Alleluia, alleluia, alleluia

Yesterday I was buried with Christ,
today I rise with you who are risen.
With you I was crucified;
remember me, Lord, in your kingdom.

Alleluia, alleluia, alleluia

Homily

"Do not be afraid, little flock, for it is your Father's good pleasure to give you the kingdom." So opens the passage from the Gospel of Luke (12:32) that is proposed to us this Sunday. It returns to the heart of Jesus' preaching: the coming of the kingdom. Jesus' disciples are entrusted with the serious mission of continuing to proclaim the kingdom and making it real here and now, despite being only a little flock. The kingdom of God is God's sovereignty over the lives of men and women, and it is pleasing to the Father to share this sovereignty with those who give alms to obtain purses that do not wear out and treasures to put in heaven, where there are no thieves that steal or moths that destroy. Jesus is trying to emphasize the difference between earthly goods that can be lost and heavenly goods that have no risks (he is referring to an ancient Biblical tradition that describes good works as treasures stored in heaven: an ancient Hebrew saying put it like this: "My fathers amassed treasures for down here, and I have amassed treasures for above. My fathers amassed treasures that do not bear interest, and I have amassed treasures that bear interest.") This is what a disciple does who is waiting for the Lord and his kingdom. The Gospel clarifies this idea with the parable of the servant placed in charge of a household after the departure of the master.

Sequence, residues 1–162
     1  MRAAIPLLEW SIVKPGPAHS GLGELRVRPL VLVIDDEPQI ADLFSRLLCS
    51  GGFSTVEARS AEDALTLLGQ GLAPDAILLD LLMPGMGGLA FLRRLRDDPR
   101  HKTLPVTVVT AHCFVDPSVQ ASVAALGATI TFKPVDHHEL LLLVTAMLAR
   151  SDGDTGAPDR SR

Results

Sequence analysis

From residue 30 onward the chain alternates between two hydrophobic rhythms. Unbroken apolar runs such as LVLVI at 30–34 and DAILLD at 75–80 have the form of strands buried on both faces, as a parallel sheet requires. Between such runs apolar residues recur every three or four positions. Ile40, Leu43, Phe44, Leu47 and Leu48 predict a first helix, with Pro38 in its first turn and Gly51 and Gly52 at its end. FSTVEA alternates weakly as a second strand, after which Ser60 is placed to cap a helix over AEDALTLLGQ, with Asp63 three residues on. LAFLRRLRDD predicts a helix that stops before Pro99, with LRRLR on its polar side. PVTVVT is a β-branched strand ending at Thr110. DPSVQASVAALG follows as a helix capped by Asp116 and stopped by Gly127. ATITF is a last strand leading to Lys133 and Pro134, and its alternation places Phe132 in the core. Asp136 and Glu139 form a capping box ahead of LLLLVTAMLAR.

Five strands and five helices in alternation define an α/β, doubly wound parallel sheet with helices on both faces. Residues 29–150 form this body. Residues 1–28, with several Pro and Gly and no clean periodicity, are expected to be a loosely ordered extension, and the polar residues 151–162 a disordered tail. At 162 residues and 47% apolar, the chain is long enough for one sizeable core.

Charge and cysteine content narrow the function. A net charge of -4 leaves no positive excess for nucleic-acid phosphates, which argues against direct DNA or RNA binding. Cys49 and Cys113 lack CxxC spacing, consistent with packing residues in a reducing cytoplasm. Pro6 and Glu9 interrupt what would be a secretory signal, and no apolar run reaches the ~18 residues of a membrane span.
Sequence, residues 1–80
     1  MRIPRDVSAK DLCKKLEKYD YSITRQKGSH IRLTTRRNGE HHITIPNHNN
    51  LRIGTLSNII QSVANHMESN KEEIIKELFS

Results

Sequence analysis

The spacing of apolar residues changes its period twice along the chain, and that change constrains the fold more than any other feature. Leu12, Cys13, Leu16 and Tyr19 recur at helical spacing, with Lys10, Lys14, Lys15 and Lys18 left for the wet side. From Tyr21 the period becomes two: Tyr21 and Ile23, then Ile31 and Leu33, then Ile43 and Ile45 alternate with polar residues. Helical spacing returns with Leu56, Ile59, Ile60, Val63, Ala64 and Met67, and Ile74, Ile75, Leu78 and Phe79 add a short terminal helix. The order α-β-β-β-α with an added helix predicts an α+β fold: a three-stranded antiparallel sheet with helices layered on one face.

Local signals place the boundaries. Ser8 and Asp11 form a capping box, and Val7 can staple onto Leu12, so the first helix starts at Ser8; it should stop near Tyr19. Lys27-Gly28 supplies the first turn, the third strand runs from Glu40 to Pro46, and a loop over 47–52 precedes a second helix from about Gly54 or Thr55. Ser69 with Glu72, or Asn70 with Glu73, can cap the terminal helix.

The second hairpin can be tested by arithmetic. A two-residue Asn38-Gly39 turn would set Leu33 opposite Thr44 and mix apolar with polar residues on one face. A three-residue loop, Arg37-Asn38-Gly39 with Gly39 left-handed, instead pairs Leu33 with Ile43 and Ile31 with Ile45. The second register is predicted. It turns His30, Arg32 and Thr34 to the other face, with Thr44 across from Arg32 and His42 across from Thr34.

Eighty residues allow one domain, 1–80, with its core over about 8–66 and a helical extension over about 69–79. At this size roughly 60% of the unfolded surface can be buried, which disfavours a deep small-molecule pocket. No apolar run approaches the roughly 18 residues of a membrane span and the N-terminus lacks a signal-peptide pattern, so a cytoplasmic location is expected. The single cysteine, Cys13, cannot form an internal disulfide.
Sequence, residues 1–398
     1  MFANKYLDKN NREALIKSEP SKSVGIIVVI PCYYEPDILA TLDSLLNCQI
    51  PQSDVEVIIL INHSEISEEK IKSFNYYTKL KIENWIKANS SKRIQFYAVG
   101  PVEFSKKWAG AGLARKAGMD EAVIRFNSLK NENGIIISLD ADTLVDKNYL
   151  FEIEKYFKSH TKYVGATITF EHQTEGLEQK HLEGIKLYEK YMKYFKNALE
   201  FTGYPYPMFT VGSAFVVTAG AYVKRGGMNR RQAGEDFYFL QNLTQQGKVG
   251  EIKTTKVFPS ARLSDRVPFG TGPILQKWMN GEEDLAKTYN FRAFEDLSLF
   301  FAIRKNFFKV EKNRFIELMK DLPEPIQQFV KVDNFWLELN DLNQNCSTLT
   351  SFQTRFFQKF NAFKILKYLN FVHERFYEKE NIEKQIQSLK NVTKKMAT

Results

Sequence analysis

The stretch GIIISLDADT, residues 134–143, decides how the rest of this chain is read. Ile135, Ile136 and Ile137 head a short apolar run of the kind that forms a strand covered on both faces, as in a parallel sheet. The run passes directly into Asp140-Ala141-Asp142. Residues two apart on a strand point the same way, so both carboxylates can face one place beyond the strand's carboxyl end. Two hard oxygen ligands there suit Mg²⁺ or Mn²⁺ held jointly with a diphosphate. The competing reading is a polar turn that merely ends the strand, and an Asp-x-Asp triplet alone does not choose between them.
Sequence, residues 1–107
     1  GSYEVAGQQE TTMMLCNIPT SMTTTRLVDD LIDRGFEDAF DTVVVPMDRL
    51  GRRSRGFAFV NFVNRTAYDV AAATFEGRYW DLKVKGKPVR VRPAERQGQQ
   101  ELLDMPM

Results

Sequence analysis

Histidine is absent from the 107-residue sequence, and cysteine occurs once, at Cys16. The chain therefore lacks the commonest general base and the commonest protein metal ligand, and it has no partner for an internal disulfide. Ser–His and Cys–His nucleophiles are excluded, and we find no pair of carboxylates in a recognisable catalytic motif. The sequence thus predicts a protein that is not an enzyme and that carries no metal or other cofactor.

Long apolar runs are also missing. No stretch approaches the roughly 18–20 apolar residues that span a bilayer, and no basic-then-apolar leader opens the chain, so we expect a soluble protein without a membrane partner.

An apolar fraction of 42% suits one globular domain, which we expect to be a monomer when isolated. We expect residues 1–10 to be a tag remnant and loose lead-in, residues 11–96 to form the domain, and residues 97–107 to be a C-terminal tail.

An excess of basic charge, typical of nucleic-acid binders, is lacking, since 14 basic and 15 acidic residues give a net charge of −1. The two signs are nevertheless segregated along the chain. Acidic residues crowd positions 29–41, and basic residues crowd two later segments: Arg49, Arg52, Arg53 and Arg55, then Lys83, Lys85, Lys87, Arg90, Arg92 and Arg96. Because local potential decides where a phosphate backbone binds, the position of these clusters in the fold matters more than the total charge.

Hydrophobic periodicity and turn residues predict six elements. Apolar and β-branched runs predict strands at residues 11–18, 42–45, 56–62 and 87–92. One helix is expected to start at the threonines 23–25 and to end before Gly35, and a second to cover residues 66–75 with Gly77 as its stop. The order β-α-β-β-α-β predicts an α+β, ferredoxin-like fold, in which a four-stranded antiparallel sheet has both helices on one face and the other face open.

Thinking that his master is delayed in returning, the servant begins beating his fellow servants, both men and women, and to drink and get drunk. This scene might seem exaggerated at first, but in truth it describes a situation which is all too common. The many injustices and thousands of small, daily acts of evil that make life difficult for so many people stem from this rather wide-spread attitude. It is the idea that we can act like little masters towards each other, with the thought that nothing bad will ever happen to us.
Vigilance is a virtue that seems little practiced in our time, but nonetheless it is essential for our lives. We often let ourselves be weighed down by our toils and our worries. "For where your treasure is, there your heart will be also" (v. 34), Jesus says. This is our problem. The treasure for Christians is the Lord, and their lives consist of waiting for him. The reward of which Jesus speaks, which will be given to those whom he finds alert, is an incredible reward that upsets the normal way of doing things: the master himself will become the servant of the servants, he will fasten his belt and invite them to recline on cushions in the hall, and he will come and serve them. This is the fullness of life that can be lived by those who stay alert not for themselves but in order to welcome the Lord.